The Emmy show ended right on time. No one went overboard on their expectant speeches, only a few. The Emmys did it again, snubbing the people who died this year and they were Alton “Ben” Powers, James Horner, Yvonne Craig, Christopher Lee and “Rowdy” Roddy Piper they made their contribution to television. When would they ever include all the people who died in the Television industry?
The Creative Arts Awards, which were the night before, they celebrate the technical awards for television. They should do this for the Oscars awards for next year in 2016. Have a Creative Awards for the Oscar, the technical awards, included the stunt performers and other technical stuff on one night and then acting, production and etc. the next night, the main event. Have it two-night celebration, that means the show would not go too long and include a two part In Memoriam of the people in the Entertainment Business.
The high light of the evenings was did Jimmy Kimble ate the winner and forgotten who won? Don’t eat the card. Only him and he accountants and his gastroenterologist know for sure.
Binge watch every episode on TV in an underground bunker for about a year or so, not a good idea. Is that pizza moving? Take a bath!
Ricky Gervais did not win an Emmy this year. Who won last year?
Andy Samberg and Seth Meyers team up and gave their boss a “World’s Greatest Boss” coffee mug.
Nominated actors Tatiana Maslany and Tony Hale, both wielding metal detectors and scavenging for valuables. Maslany found a can of beans and started eating them, only to have Hale fight her for the can.
Fred Savage, honoring all the TV shows that left the air this year. These included the farewells of David Letterman, Stephen Colbert, and Jon Stewart, but also the series finales of “Mad Men,” “Parks and Recreation,” “Parenthood,” “Justified,” “Sons of Anarchy” (earning probably its first mention on an Emmys show), “Mad Men,” “Boardwalk Empire,” “Nurse Jackie,” and others. Unfortunately the clips chosen almost all consisted of major plot spoilers and very last scenes.
Jon Hamm became the first (and last) member of the Sterling Cooper team to win a dramatic acting Emmy. It was a weird moment, which began with the actor not striding gracefully to the stage but climbing onto the platform belly-first. (Hope that tux was a rental.) Then he proved what a great actor he is by being nothing like Don Draper, a character who was always smooth, polished, and glib. Hamm’s speech was brief, awkward, and cryptic, thanking his supporters by first name only. (Hamm fans will note that he thanked his dog, Cora, and “Jen,” presumably actress Jennifer Westfeldt, his girlfriend for 18 years until their split about two weeks ago.)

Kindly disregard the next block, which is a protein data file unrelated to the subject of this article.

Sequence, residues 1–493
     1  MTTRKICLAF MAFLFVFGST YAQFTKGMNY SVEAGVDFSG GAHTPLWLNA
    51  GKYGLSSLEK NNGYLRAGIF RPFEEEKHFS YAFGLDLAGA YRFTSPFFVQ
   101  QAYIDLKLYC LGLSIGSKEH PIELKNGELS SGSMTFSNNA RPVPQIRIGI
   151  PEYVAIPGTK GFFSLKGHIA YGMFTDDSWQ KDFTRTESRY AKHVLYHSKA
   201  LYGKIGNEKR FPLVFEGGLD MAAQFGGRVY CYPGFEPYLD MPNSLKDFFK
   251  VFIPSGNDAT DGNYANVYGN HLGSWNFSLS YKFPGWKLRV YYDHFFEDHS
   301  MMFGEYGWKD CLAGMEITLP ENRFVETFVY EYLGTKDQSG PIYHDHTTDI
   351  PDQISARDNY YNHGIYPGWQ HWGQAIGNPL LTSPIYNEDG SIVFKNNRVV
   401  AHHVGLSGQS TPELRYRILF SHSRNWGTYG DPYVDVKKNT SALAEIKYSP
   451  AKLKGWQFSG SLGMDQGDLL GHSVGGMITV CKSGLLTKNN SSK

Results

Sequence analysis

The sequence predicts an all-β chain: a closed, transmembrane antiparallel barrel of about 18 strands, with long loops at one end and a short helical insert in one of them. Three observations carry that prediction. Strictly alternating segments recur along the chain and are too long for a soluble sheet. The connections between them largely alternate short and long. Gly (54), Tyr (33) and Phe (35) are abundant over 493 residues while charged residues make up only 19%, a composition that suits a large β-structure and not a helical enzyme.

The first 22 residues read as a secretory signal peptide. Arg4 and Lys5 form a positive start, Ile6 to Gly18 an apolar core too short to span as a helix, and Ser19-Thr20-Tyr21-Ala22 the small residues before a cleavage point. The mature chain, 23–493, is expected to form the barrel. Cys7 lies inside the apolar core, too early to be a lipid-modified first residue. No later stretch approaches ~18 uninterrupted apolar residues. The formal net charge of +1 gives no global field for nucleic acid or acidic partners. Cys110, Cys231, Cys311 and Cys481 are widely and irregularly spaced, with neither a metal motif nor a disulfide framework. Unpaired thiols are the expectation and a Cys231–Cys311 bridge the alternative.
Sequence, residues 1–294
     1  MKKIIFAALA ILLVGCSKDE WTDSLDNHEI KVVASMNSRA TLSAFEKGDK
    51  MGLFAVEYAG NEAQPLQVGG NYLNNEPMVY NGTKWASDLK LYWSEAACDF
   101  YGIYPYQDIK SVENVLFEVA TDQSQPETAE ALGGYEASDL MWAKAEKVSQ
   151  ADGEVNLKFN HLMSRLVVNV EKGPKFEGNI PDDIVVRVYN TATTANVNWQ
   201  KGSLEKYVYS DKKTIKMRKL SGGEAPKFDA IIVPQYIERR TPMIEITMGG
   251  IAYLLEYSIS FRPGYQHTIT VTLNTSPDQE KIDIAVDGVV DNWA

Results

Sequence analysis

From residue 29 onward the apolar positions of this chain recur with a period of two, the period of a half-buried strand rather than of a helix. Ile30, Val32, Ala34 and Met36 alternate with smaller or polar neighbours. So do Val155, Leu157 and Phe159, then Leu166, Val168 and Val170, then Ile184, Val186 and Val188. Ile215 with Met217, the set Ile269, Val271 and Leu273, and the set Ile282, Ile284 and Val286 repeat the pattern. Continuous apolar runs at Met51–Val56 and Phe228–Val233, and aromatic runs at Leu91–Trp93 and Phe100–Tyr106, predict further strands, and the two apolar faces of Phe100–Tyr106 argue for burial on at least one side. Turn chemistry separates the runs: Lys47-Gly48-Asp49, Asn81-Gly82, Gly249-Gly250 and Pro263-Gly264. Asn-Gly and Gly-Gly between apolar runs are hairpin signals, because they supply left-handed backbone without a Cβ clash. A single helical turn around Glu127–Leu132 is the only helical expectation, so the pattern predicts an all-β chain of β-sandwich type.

Viola Davis gave the most emotional speech of the night — itself a tough contest on an evening that included tearful gratitude from Jeffrey Tambor, Regina King, and Uzo Aduba. But then, Davis was making history — the “How to Get Away With Murder” star was the first black performer in Emmy’s 67 years to win Best Actress in a Drama — and she knew it. She began her speech by quoting Harriet Tubman and gave shout-outs to fellow nominee Taraji P. Henson and several other current black TV actresses (including Kerry Washington, Halle Berry, Nicole Beharie, Meghan Good, and Gabrielle Union) for opening doors. “The only thing that separates women of color from anyone else is simply opportunity,” Davis said. “You cannot win an Emmy for roles that are simply not there. So here’s to all the writers, the awesome people — people who have redefined what it means to be beautiful, to be sexy, to be a leading woman, to be black.” Samberg had been making begrudging jokes earlier in the evening about how slow and incremental TV has been in embracing diversity, but Davis made her win feel like a major victory for both herself and the whole industry
Here are the winners Click here